Great Darling Anabranch

Low altitude aerial photo of two bridges crossing the Great Darling Anabranch, west of Wentworth, NSW, Australia.

The Great Darling Anabranch or a river no more.

In the true sense of the term. The Great Anabranch of the Darling River, isn’t really an anabranch. For it to be a true anabranch it would need to flow back into itself. The Anabranch flows into the Murray River a few kilometres downstream of Wentworth.

Last rays of sunlight hitting a group of very old river Red Gum trees on the bank of the Great Darling Anabranch.
Bathed in golden light on the banks of the Great Anabranch of the Darling River, a group of old River Red Gums are reflected in the calm water.
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The anabranch formed when the Darling river took an alternative path to it’s confluence with the Murray River some 10,000 years ago. Branching from the Darling south of Menindee it traveled 460 kilometres to the Murray.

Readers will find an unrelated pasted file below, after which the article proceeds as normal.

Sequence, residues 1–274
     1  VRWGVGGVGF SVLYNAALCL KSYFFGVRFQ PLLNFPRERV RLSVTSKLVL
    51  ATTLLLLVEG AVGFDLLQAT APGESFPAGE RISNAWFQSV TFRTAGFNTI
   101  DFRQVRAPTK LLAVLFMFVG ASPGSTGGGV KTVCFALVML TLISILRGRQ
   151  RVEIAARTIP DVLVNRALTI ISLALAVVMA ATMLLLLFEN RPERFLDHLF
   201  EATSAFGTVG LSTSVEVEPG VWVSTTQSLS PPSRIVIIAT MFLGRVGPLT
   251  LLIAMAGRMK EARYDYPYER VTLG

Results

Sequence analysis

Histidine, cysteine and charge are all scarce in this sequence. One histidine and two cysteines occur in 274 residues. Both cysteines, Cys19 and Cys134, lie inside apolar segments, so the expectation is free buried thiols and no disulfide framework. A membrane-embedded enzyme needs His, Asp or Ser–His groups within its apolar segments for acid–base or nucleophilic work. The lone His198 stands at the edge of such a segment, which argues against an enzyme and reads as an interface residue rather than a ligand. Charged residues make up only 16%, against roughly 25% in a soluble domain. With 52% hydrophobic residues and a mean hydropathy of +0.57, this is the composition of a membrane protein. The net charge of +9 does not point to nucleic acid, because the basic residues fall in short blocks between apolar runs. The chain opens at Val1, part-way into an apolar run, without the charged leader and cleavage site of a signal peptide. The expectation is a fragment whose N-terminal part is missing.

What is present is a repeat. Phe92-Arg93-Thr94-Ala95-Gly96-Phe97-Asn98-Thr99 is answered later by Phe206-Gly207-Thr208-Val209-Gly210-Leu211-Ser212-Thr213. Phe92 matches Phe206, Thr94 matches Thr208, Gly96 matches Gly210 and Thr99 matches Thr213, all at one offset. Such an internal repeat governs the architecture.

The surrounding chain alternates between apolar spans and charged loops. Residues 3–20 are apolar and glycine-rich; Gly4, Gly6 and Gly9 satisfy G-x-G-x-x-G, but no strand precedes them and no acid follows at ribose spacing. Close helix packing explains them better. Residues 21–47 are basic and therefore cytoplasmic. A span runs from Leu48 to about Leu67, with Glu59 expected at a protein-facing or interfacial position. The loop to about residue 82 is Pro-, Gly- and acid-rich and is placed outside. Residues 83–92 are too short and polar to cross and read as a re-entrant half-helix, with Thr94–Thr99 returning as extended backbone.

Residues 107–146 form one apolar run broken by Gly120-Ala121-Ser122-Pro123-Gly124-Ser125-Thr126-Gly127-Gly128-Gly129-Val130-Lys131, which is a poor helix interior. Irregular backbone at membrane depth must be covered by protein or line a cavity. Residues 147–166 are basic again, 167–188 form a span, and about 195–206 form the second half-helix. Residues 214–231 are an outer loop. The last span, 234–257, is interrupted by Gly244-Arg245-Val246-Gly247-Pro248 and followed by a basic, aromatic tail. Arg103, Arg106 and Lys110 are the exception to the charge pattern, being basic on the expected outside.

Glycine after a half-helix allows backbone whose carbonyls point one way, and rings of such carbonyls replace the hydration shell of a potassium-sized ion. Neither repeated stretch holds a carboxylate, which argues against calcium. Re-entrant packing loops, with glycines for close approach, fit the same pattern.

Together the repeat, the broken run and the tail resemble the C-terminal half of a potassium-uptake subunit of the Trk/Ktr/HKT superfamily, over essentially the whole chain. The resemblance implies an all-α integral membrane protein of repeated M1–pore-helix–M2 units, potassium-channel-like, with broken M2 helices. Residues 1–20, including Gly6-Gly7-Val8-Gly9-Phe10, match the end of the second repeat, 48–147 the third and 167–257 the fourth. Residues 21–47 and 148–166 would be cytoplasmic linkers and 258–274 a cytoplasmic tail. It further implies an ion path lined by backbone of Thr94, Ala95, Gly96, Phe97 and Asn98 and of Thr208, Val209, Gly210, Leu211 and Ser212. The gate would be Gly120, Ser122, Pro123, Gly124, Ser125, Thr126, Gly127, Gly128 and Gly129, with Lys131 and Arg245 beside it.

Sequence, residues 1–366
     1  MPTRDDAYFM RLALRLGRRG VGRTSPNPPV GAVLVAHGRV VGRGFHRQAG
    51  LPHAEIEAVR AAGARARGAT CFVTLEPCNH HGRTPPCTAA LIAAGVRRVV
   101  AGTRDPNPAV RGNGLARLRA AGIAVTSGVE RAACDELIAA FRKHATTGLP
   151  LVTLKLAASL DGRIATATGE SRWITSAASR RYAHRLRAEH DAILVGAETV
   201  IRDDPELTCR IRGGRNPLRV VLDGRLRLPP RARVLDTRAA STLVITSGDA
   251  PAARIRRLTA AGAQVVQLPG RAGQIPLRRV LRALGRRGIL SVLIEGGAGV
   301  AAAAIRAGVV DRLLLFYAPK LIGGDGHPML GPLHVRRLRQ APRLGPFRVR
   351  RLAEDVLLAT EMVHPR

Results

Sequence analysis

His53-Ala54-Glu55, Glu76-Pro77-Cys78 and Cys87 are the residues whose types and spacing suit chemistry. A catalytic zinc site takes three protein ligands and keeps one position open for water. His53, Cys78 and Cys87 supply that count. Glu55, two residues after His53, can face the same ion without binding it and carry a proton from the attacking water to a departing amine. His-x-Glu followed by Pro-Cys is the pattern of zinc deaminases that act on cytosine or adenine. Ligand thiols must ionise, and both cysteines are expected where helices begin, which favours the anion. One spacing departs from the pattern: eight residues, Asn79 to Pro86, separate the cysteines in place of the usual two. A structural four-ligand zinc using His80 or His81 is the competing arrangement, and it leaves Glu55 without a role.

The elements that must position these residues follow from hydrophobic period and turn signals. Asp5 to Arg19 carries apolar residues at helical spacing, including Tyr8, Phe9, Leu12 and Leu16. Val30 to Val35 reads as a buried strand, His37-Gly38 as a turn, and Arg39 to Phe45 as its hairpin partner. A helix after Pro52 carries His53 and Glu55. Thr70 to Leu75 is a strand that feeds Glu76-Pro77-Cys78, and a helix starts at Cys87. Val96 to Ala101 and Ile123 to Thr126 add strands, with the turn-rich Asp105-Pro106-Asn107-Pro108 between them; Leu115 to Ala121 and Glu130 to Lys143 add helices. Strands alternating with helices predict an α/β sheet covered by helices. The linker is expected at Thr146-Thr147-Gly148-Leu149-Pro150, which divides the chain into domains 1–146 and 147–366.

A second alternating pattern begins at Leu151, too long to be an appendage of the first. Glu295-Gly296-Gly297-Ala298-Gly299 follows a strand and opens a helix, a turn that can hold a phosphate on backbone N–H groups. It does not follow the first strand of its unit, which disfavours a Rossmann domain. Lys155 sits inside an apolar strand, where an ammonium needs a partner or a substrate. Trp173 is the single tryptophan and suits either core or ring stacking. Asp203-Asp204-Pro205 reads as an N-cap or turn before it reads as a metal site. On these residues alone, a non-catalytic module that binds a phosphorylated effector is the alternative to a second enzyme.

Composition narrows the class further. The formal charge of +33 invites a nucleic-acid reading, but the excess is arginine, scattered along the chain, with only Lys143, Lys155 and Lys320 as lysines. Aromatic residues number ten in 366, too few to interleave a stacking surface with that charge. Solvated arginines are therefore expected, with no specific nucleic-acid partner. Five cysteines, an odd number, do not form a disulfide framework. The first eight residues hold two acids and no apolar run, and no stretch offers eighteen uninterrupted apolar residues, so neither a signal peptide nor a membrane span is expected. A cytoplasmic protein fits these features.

The Anabranch wasn’t a permanent river. Running only during good times, when water was plentiful. Drying up during extended periods of drought.

Low altitude aerial of the Great Darling Anabranch at its southern end.
Low altitude aerial of the Great Anabranch of the Darling River. North of the confluence with the Murray River.
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During the 1960’s the Menindee Lake System was developed. At the same time, seventeen low-level weirs were constructed. Turning the old river into a permanent water supply for outback properties along its path.

In 2007 a pipeline running the length of the anabranch was built. Supplying water to inhabitants along the watercourse and once again returning the habitat to a more natural state.